Happy Spring Break! As a reminder next week is spring break and their will be no school until students return on Monday, March 19th. I want to start this newsletter by thanking everyone who came out and supported Lee Live this past Saturday! It was such an amazing night. A tremendous thank you to Tanya Hamlin and Snow White who led the effort to make this such a successful fundraiser for our Roadrunners. Thanks to Courtney Mauro Barker and Summer Messer for compiling our incredible silent auction. Piper Stege Nelson, our PTA Sponsorship chair who has overseen so many fundraising efforts throughout the year and managed our sponsorships. Carey Hyde for handling tickets and event support. Susannah B Hollinger, for wrangling the grade level artwork that turned out so well. Rudy Bellg for managing our graphic designs from the signs, banners, programs, tickets and much more. Mathew Hamlin for technical support and being such a partner in the effort. Finally, I’d like to thank our PTA leadership duo, Beth Reyburn and Sara Bircher. Like countless events through the course of the year, they were there lending a hand and leading the way from the start until the very end. I cannot thank them enough for continuing to lead by example in so many ways.
We are undertaking a number of reviews to look at school safety and ways to improve transportation to and from school for our Roadrunners. Many of you may have noticed our crossing guard supervisor who was monitoring the intersection of Harris and Hampton this week. Our crossing guard Mable does a great job on behalf of our children and is a beloved member of our Lee Family. Please help her keep everyone safe by properly utilizing the crosswalk and arriving in plenty of time, so students do not need to rush in their final approach to the school. We are working with other agencies to identify necessary improvements in our safe routes to school. I will share more information as it becomes available, including efforts to have a crosswalk added on Red River near the intersection with Harris Avenue.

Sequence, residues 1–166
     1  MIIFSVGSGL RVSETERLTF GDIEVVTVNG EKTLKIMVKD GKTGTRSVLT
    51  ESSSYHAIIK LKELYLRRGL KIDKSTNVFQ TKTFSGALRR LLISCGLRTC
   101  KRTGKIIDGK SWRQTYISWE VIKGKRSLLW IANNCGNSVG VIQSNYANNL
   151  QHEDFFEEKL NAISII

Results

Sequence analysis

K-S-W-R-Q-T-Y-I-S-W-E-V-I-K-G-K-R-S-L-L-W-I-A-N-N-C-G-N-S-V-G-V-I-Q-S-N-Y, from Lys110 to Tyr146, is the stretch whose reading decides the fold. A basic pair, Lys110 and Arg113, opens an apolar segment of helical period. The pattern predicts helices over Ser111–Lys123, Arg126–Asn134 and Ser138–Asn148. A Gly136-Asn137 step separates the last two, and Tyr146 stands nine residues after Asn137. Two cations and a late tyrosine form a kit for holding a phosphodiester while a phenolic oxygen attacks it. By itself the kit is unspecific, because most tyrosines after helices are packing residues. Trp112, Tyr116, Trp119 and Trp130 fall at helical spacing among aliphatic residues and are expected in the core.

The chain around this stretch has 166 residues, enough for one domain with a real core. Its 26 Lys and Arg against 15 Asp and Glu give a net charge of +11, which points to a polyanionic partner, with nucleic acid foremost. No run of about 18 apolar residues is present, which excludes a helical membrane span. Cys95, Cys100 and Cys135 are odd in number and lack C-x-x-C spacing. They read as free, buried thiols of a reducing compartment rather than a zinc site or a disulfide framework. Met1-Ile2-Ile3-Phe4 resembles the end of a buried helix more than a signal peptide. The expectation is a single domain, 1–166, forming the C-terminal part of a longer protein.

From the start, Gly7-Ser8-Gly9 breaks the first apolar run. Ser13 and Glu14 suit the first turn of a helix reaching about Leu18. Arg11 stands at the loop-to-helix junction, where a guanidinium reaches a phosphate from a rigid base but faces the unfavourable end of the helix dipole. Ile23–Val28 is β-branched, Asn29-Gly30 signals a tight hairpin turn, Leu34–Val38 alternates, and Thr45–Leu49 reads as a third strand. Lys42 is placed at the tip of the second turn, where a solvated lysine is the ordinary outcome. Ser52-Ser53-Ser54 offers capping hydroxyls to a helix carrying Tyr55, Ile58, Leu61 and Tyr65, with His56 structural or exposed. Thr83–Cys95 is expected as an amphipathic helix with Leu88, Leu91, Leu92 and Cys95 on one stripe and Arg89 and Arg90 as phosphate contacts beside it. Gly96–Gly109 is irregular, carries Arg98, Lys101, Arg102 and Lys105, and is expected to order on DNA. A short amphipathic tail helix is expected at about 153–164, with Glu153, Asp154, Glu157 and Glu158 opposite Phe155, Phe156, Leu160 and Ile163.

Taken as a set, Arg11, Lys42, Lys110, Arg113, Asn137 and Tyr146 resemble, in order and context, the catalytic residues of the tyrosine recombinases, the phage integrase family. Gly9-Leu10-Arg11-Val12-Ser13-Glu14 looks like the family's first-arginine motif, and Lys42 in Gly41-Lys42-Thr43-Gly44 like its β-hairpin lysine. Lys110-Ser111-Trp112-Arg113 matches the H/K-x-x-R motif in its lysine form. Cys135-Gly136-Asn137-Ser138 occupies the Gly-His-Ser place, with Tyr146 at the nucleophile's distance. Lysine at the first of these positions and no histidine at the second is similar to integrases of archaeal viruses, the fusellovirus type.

Each year we share what is known as our Campus Report Card from the Texas Education Agency. Federal Report Cards for the state, the district, and each of the district’s campuses are now available through the TEA website and you can access our campus specific report card here. If you have difficulty accessing the information from the website, hard copies of the reports are available in the office. If you have questions about the information, please feel free to contact me. We will review and discuss the Campus Report Cards at the next CAC Meeting on Tuesday, March 20th.